You are on page 1of 3

For Immediate Release: For more information

April 24, 2007 Derek Slap: (860) 509-6255
Cell: (860) 573-2019
Barbara Potopowitz:


Hartford: On National Equal Pay Day Secretary of the State Susan Bysiewicz, Connecticut’s
chief business registrar, Teresa Younger, Executive Director of the Permanent Commission on
the Status of Women, State Sen. Edith Prague, and Rosemary Dempsey, Executive Director of
CT NOW, are urging all Connecticut businesses to review their practices to ensure that women
and men are being fairly compensated.

According to the Institute for Women’s Policy Research, women make 77 cents for every dollar
that men earn. In Connecticut, the gap is even bigger. The Institute reports that Connecticut is
ranked in the bottom third of the states when it comes to wage discrimination. Another
report from the American Association of University Women Educational Foundation ranks
Connecticut 40th and estimates that women in this state earn just 71 cents for every dollar earned
by men. According to Women Work! The National Network for Women’s Employment, the
wage gap exists despite differences in education, “Women with a Master’s actually earn $4,765
less than men with a Bachelor’s.”
Equal Pay Day is observed each year in April to raise awareness about the nation’s pay gap.
April is a significant month, as it indicates how far into each year a woman must work to earn as
much as a man earned in the previous year.

“Connecticut women are being underpaid and undervalued,” said Bysiewicz. “The wage gap in
this state, on average, costs a working woman between $700,000 and $2 million over the course
of her career. This inequity hurts families, stifles small and minority business growth, and
damages our state’s overall competitiveness.”

As part of her effort to call attention to Connecticut’s wage gap, Bysiewicz is posting a message
to businesses on the Secretary of the State’s CONCORD application site (www.concord-, which receives more than 700,000 visits from businesses, entrepreneurs, and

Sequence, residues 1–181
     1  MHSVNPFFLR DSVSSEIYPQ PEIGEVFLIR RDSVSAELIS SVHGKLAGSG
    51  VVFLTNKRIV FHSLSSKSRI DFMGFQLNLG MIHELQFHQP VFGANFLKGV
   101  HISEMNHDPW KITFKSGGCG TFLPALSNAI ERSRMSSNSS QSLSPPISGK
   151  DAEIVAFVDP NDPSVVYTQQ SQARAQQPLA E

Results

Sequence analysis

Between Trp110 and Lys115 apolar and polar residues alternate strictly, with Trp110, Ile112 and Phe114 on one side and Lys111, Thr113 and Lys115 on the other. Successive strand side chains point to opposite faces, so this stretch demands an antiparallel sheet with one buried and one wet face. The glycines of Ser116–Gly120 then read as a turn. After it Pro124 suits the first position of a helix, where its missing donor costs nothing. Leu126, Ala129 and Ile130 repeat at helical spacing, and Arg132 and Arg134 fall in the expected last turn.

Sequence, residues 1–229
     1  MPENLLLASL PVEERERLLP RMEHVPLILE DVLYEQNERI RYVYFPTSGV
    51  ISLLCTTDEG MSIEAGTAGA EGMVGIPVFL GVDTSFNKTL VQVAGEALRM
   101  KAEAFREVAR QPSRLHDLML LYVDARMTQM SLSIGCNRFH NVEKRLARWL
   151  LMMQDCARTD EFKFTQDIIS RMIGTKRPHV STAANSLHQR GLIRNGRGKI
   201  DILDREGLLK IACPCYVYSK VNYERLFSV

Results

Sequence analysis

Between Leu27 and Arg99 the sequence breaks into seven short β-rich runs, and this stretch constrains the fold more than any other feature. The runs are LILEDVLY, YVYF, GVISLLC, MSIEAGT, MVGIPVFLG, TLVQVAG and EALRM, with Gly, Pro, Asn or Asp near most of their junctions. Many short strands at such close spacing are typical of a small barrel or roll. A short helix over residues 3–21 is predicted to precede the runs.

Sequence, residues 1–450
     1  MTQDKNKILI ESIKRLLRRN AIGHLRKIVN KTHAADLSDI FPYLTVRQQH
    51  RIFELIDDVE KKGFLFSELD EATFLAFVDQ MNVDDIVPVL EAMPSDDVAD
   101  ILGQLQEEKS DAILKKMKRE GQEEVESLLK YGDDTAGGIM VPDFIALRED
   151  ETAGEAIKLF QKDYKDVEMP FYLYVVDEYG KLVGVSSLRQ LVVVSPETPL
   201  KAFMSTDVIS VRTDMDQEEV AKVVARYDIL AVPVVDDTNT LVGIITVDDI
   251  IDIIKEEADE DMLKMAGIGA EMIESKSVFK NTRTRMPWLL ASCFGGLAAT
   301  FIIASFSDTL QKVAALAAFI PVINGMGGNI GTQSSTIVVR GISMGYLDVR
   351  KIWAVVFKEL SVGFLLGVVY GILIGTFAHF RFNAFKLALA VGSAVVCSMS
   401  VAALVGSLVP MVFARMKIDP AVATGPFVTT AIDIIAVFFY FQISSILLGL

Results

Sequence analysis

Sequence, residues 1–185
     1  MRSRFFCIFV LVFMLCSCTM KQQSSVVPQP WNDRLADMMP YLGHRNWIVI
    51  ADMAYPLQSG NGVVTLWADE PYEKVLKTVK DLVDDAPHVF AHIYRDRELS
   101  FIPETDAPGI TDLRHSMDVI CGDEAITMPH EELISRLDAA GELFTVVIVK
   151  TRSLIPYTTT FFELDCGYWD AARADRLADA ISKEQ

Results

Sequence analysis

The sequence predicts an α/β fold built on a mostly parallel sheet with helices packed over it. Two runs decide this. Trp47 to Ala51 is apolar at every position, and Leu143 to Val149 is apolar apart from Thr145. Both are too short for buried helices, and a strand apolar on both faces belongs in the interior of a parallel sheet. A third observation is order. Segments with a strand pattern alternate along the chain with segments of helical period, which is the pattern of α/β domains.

members of the general public each month. The message urges businesses to review hiring and
payroll practices and make sure all policies are compliant with the Equal Pay Act of 1963.

Younger, of Connecticut’s PCSW, points out that, “At the current rate, equal pay for women will
not be realized until the year 2057, and even longer for women of color.” She states, “It’s time
to compensate women for their worth.”

Dempsey, Executive Director of CT NOW, said, “Connecticut is a leader in so many progressive
practices and policies for women and our families; however, the ‘bread and butter’ issue of
wage equity is key to retaining the considerable contributions to the economy made by the
hardworking women of this state.”

“There is absolutely no reason for women to be denied the same pay as men based solely upon
gender – we need a renewed effort to erase any institutionalized bias that perpetuates it,” Senator
Prague said. “This is no longer a man’s world; women have proven themselves time and time
again at every level of responsibility and compensation.”

“Connecticut’s former Governor Abe Ribicoff once said words to the effect of ‘When you want a
job done right you get a woman to do it,’” Senator Prague added. “He had the right idea then and
it’s the right idea still, that when women are capable of doing a job they should be compensated

“Women account for 49% of Connecticut’s working population. Of that figure, 34.9% of
Connecticut women are employed in professional and technical occupations yet they continue to
earn less than their male counterparts,” said Connecticut Department of Labor Commissioner
Patricia H. Mayfield. “In those occupations traditionally held by women, such as registered
nurses, social workers and clerical support, male worker salaries still dominate. It is important
for women to continue to enter fields that require math and science skills in order to compete for
higher salaries, better jobs, and equal pay.”